Reference - gRPC

To analyze your audio, 4 different programming languages are supported :


The file represents an object that can inference audio from an audio file. An audio file is any source of audio data whose duration is known at runtime. The server will wait for the whole file to be received before it begins inferencing. All inferenced data will be received in one payload. A file can be, for instance, an mp3 file stored locally, a WAV file accessible from an URL, and etc. Currently, WAV, FLAC, mp3, Ogg, and mp4 files are supported. If you want to use another file encoding format, let us know at so that we can prioritize it in our internal roadmap.


The stream represents an object that can inference audio from an audio stream. An audio stream is any source of data whose duration is not known at the beginning of the inferencing. Because the duration is not known, the server will inference audio in real-time. Our [client] minimum audio duration is 1 second. Therefore, 1 second of audio will be required before the first result is given. After that, one result will be given every 0.5 seconds of audio. The stream can be stopped at any moment of inferencing. A stream can be, for instance, the audio data coming from a microphone, audio data coming from a web radio, and etc. For now, the only format supported for streaming is a raw data stream (PCM stream). Raw data must be a mono channel audio stream, andits format (int32 / float32 / int64 / float64) must be given to describe the raw audio data. For best performance, we recommend using a sampling rate of 22050Hz and data represented as float32. Any other sampling rates/data types are fine and will also work out of the box. Multiple results will be returned by inferencing a stream. For each result, a callback will be called. If you want to use another file encoding format, let us know at so that we can prioritize it in our internal roadmap. A stream object is created using a StreamBuilder object, following the builder pattern.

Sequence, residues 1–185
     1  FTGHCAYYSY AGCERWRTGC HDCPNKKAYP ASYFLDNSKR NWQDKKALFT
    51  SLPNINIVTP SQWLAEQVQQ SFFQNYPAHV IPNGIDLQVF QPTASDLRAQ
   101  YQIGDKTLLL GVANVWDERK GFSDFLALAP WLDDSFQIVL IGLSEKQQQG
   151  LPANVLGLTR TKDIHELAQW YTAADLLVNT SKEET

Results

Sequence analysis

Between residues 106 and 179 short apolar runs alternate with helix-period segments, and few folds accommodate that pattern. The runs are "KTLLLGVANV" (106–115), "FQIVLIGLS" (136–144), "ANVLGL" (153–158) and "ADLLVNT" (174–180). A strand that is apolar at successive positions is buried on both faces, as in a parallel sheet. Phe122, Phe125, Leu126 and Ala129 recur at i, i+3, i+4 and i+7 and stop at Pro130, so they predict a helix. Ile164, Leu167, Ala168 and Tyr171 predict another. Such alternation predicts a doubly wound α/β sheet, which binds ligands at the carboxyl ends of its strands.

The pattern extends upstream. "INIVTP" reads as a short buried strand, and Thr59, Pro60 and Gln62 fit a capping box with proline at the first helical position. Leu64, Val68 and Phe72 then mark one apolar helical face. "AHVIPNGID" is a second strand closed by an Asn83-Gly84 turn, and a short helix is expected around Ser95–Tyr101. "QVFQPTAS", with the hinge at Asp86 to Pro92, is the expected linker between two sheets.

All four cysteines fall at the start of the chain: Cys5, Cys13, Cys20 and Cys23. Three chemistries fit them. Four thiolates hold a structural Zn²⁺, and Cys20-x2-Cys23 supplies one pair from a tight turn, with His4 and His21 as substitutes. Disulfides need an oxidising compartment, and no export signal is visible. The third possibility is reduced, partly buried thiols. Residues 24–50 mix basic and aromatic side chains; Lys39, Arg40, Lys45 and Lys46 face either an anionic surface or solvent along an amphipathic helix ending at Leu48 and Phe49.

The result is a class that is returned by both file and stream class. Multiple results will be returned by a stream by calling a callback function. For a file, only one result will be returned. A Result object has the following methods (case can change depending on the programming language)

service()returns the service name : “Human Interaction”, “Emergency”, “Human Status” for instance
allEvents()returns all events
detectedEvents()returns all events that match the “filter” function defined below
detectedEventTiming()groups events that match the “filter function” and shows segments of time of when they were detected
detectedTags()returns only the “tag” of the event that matches the “filter” function
toJSON()returns a raw JSON object containing service name and an array of events
withFilter(filter)uses a filter function, which takes an event as an input and returns a boolean. An event will be “detected” if the filter function returns true for that event
useDefaultFilter()the default filter is to consider all events as detected. So by default, allEvents() and detectedEvents() will return the same result
Note that if you are inferencing a stream, multiple results will be returned. By default, calling allEvents() will only return the newly inferenced result. It’s possible to keep track of previous events of the stream. To do so, call the withMaxEventsHistorySize method on the StreamBuilder object. Its default value is 0, and increasing it will allow it to “remember” previous events.


An event contains the following data: (case can change depending on the language)

taga string describing the event.
startTimethe time at which the events start (Origin of time is the beginning of the audio)
endTimethe time at which the events end (Origin of time is the end of the audio)
probabilityit is between 0 and 1. The higher the probability is, the higher the likelihood that the event happened.

For more details about this data, please contact our team at